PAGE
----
Filling China's tanks
Beijing is working hard to put its SPR expansion programme back on track
The US may be selling off a substantial amount of its own Strategic Petroleum Reserve (SPR), but China is determined to keep building up its emergency stores of oil. As the White House calls for the sale of 270m barrels of crude from its SPR next year, which would mean the closure of two of four sites on the Gulf Coast, China is pushing ahead with the second stage of a long-term storage plan, now due for completion in 2020, after falling behind schedule. As a study published in July by China's National Natural Science Foundation points out, this would see the construction of eight new sites located in inland regions, most of them near geographically convenient ports serving areas of high demand.
Beijing is also storing barrels in third-party facilities while the second phase of its SPR catches up with the original timetable, which set out to create capacity equivalent to 90 days' net imports, cushioning the country from future energy shocks.
"With national tank farms already mostly filled up, we only have the third-party storage left," Sengyick Tee, senior director of Beijing-based SIA Energy Oil Research and Consulting, told Good StockInvest, a US investment adviser, in August.
But does this mean that China will keep buying oil offshore at the same rate? So far in 2017, imports have been running at almost twice the volumes of 2016, up by 1m barrels to 8m barrels a day, according to a consensus of analysts. It's China that's been propping up crude prices as it boosts its reserves, helping keep Opec's strategy on track.
Mr Tee's view is that imports will slow next year. "As local production cuts stabilise and, given the shortage of storage room for strategic reserves, there won't be strong import demand going forward," he forecasts. Others, such as consultancy Facts Global Energy, take a different view and expect domestic demand to rise sufficiently in 2018-—an increase in imports of about 100,000 b/d.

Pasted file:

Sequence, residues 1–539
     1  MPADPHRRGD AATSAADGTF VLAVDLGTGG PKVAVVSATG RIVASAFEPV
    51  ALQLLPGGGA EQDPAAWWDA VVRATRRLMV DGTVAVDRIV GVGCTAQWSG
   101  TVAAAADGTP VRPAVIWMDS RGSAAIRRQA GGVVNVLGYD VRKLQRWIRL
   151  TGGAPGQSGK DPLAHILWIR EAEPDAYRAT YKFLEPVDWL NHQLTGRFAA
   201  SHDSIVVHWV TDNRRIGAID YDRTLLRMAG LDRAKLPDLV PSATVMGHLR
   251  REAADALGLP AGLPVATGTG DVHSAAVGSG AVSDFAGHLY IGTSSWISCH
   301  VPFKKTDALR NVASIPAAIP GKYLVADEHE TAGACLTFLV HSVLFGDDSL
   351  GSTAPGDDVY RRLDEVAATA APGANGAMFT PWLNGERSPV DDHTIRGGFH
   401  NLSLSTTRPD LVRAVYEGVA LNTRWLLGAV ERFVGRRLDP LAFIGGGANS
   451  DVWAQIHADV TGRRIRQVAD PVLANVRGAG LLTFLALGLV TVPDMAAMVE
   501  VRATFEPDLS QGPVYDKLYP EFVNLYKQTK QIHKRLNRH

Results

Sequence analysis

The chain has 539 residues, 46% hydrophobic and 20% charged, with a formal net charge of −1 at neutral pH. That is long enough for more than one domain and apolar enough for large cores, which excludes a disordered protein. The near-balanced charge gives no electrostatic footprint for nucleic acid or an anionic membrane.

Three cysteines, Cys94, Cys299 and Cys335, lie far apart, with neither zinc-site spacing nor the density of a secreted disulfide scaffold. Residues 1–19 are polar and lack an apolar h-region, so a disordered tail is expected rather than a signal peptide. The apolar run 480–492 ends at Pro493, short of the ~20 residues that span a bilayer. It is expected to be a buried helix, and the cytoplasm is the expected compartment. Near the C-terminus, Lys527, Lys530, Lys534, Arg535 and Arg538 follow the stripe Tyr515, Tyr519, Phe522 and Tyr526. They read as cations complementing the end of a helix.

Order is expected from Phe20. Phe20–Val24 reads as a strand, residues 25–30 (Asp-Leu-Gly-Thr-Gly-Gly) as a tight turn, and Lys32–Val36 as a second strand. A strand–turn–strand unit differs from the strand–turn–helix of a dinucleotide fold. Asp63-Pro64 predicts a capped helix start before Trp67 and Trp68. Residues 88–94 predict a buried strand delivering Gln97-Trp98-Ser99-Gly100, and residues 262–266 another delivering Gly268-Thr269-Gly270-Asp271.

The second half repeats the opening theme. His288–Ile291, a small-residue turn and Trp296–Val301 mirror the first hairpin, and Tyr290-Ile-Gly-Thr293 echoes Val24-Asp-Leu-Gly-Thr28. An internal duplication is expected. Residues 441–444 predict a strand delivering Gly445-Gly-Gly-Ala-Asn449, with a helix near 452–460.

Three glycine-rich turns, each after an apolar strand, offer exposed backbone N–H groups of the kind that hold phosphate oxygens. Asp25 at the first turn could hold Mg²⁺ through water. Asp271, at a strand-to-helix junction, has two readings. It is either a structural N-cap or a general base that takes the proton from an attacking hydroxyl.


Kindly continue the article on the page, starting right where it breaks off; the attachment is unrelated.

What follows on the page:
North Korea factor
However, most medium-term assumptions were made before the stand-off with North Korea. In September, China announced cuts in exports of gas and refined petroleum products to the rogue nation, effective 1 January. According to geopolitical analysts, the tension with North Korea is likely to encourage China to increase its SPR, rather than the opposite, because of its dependence on shipments through the Malacca Strait—the channel linking the Indian Ocean and the Pacific. Nearly 80% of China's shipments of oil—in and out—pass through the strait or the Indian Ocean, and Beijing is nervous of any disruption in that natural maritime pipeline.
Also, the smaller independent refineries—known as "teapots"—may exercise an intriguing and growing influence on import demand. As the Oxford Institute of Energy Studies pointed out earlier this year, there are 121 of these refiners and they account for about 4.3m b/d of the country's downstream capacity, equivalent to slightly less than a quarter. They've grown rapidly in capacity and are hungry for crude wherever they can source it.
Since early 2015, the National Development and Reform Commission (NDRC) has allowed the teapots to import crude, albeit through state-owned buyers, but some can now do so on their own account. Also, in a step further, 10 of these independents have been granted import licences, rather than the more restrictive import quotas. That means, as the OIES' Michael Meidan points out, "these licenses allow them to import directly from the international market without having to go through a state-owned company".
As a result, almost from a standing start two years ago, the teapots have become major players in the import market and have built up independent relationships with a wide variety of crude sources. "With the floodgates opened, crude imports by independent refiners increased by 0.75-0.80m b/d year-on-year, accounting for the bulk of China's incremental crude buying," Meidan adds. And the numbers point to more imports. For instance, at the end of 2016 the NDRC had granted 19 refiners approval to process 1.46m b/d of imported crude.
Simultaneously, the teapots are developing their own import infrastructure, mainly in their home region of Shandong, in the form of extra shipping capacity in ports and the construction of crude pipelines between ports and refineries. Most of these pipelines are expected to start pumping during 2018.
While the study forecasts a squeeze on teapot margins from a variety of factors, notably the rising cost of crude, these increasingly sophisticated refiners are likely to remain an important force in the markets.